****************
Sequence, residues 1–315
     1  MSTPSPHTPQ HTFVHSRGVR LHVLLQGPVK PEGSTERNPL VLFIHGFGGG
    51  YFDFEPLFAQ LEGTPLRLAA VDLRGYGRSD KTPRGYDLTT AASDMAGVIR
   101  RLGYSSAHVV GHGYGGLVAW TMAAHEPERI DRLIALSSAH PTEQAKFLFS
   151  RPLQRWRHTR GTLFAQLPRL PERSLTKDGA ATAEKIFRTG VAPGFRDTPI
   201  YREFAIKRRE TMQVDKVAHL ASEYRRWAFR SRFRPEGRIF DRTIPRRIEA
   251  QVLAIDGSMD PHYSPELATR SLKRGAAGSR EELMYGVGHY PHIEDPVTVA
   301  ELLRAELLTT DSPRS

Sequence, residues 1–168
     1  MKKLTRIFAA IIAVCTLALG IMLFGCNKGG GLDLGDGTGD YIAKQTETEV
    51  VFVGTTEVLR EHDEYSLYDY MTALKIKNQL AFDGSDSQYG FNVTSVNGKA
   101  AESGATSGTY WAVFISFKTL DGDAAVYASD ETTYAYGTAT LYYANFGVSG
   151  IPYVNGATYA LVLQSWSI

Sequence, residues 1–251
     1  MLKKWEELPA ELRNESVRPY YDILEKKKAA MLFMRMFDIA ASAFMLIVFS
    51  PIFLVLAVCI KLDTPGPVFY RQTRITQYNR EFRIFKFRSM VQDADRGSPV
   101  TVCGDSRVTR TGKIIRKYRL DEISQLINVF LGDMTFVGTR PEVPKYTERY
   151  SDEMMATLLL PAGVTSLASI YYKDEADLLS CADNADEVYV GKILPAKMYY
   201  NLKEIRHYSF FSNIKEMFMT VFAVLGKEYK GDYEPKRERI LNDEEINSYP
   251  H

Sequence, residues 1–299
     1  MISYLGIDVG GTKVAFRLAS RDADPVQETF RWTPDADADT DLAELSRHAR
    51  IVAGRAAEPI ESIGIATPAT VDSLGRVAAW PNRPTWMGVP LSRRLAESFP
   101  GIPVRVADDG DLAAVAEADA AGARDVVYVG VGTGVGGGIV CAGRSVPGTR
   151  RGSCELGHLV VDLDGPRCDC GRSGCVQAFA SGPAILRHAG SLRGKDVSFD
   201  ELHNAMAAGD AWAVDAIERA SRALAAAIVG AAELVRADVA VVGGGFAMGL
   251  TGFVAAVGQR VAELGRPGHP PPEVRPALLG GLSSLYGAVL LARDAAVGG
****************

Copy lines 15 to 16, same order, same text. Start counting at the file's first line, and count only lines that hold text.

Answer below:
     1  MLKKWEELPA ELRNESVRPY YDILEKKKAA MLFMRMFDIA ASAFMLIVFS
    51  PIFLVLAVCI KLDTPGPVFY RQTRITQYNR EFRIFKFRSM VQDADRGSPV